Americans should not have to compete against workers in low-wage countries who earn pennies an hour.

    Absolutely not.

    We need to insure those workers in low wage countries at least earn dimes and quarters.

    That is what "fair trade" is about.

    We must defeat the Trans-Pacific Partnership.

    And then he ends pretending, as he has all along, that he wants to prioritize Americans while demanding policies that would harm Americans for the purpose of benefiting others around the world, as well as future owners of beach-front and shore level property.

    We must help poor countries develop sustainable economic models.

    . . . .

    We need to create tens of millions of jobs worldwide by combating global climate change and by transforming the world’s energy system away from fossil fuels.

    We need international efforts to cut military spending around the globe and address the causes of war: poverty, hatred, hopelessness and ignorance.

    Those are the causes of war, huh?

    The notion that Donald Trump could benefit from the same forces that gave the Leave proponents a majority in Britain should sound an alarm for the Democratic Party in the United States.

    Millions of American voters, like the Leave supporters, are understandably angry and frustrated by the economic forces that are destroying the middle class.

    In this pivotal moment, the Democratic Party and a new Democratic president need to make clear that we stand with those who are struggling and who have been left behind.

    We must create national and global economies that work for all, not just a handful of billionaires.

    So writes the global radical.

    There is a lot more Chavez/Madero/Pope Francis in this fellow than he has clearly let on.

    Had he been chosen as the Democrats' nominee, Trump and the Republicans would have eaten him alive.

    But wait.

    That could still happen.

    Hillary could be indicted before the convention.

  6. 6
    Wayne King says:

    #IPledgeMyVoteToBernieSanders #NeverHIllary #WhenWeStandTogether_WeWin  Whatever you consider, consider 10 million of us all choosing together.

  7. 7
    Ron Chusid says:

    “Had he been chosen as the Democrats’ nominee, Trump and the Republicans would have eaten him alive.”

    Yet Sanders has consistently done much better than Clinton in head to head polls. Sanders does better with independent voters. Sanders does better in the swing states. Those who have looked at his record (including his business-friendly record when mayor) realize how he was a pragmatic politician, not the leftist radical Clinton supporter claim. However he has consistently promoted liberal goals, as opposed to undermining them as Clinton has throughout her career.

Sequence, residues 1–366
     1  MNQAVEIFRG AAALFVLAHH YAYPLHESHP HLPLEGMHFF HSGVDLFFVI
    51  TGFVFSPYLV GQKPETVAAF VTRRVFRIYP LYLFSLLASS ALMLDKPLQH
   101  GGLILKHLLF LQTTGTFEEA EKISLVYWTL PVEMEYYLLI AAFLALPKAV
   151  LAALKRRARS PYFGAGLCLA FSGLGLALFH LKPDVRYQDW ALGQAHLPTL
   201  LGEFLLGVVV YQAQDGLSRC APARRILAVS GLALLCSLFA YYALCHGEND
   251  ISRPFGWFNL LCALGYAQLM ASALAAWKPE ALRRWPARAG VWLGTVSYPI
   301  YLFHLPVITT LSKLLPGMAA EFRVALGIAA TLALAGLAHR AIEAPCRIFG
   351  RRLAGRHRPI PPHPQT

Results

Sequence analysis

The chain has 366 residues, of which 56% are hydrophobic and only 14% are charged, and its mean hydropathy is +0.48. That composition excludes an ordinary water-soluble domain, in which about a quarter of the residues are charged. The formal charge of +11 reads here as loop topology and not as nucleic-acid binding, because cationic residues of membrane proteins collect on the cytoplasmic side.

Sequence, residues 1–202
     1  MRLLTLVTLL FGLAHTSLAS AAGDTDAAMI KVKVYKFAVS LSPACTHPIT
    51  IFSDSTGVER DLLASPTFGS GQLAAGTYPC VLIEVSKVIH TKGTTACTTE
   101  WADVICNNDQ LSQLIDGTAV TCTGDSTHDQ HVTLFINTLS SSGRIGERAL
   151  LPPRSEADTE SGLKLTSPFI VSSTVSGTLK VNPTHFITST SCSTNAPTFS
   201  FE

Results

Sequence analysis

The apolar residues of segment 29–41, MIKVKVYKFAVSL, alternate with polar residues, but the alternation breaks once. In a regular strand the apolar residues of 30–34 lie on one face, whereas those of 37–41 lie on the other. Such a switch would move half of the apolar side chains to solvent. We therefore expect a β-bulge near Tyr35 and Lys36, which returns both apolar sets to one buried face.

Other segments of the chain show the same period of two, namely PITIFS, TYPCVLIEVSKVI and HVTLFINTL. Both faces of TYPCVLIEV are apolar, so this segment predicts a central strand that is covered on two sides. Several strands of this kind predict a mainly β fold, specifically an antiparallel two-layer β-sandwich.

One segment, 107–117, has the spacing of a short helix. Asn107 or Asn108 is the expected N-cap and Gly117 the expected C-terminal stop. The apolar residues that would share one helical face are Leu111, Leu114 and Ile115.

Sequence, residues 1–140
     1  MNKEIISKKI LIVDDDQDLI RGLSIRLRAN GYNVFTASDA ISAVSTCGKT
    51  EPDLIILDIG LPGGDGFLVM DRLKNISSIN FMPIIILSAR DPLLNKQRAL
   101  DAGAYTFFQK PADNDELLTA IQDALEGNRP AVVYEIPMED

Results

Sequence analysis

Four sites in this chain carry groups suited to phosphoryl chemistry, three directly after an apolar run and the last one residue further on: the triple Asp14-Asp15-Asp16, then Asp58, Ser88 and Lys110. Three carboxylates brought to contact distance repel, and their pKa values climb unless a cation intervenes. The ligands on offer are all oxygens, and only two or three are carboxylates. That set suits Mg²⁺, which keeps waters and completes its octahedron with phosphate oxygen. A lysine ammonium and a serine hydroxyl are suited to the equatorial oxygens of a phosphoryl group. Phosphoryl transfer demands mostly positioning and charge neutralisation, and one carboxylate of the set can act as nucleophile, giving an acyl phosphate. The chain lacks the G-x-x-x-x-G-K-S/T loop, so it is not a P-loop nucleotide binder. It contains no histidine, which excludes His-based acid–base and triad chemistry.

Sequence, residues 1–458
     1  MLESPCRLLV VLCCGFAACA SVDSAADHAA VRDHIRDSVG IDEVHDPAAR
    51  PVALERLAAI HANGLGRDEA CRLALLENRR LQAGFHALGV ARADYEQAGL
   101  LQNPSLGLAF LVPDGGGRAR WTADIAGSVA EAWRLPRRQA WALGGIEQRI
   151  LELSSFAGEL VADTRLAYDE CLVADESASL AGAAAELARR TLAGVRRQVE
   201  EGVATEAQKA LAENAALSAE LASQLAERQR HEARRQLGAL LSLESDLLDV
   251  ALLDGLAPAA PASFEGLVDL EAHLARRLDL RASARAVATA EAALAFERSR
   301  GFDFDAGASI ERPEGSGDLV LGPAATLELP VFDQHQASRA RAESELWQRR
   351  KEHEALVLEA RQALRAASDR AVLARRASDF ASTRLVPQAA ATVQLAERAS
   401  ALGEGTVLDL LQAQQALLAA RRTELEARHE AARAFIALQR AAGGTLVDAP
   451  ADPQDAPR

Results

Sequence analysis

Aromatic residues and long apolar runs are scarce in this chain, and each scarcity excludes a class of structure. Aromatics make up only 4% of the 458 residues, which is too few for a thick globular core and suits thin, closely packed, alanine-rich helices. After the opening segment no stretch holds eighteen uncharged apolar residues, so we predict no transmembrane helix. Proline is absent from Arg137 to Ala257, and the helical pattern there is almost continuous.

“Hillary could be indicted before the convention.”

    Low likelihood but definitely possible. It is also not clear what would happen then as a strong majority of Democrats have said they would still support her even if indicted in one poll I saw. It is a safe bet that Clinton would continue to fight for the nomination if she thought she had any chance to win it. Hopefully, if she was indicted, enough super delegates (along with some of her own delegates) would break from her to keep her from getting the nomination.

    In such a situation, I would hope Sanders would get the nomination, but he also would not have enough delegates to win without the support of more super delegates and/or current Clinton delegates. He might get the nomination, but I could also see the party turning to someone like Biden, Warren, or Kerry.

  8. 8
    SocraticGadfly says:

    Ron I know Bernie won't run 3rd party. I knew that a year ago when he announced.

  9. 9
    philo vaihinger says:

    I think you are right she would not withdraw if indicted and that Bernie might then be nominated. 

    But then he would be red baited mercilessly and would lose.

  10. 10
    Ron Chusid says:

    Clinton already engaged in plenty of red bating and yet he does better than Clinton in the general election polls.

    Republican red bating wouldn’t do any harm. They have called Obama a Marxist Socialist for years. They claim that Hillary Clinton is far left. They claimed that John Kerry was the most liberal Democrat in the Senate. They use similar red baiting against any Democrat. The only people who fall for it are those who would already not vote for any Democrat. At least Sanders isn’t tainted by all the scandals Clinton is, and won’t be dragged down by Clinton’s record of having been wrong on pretty much every big question during her disastrous career.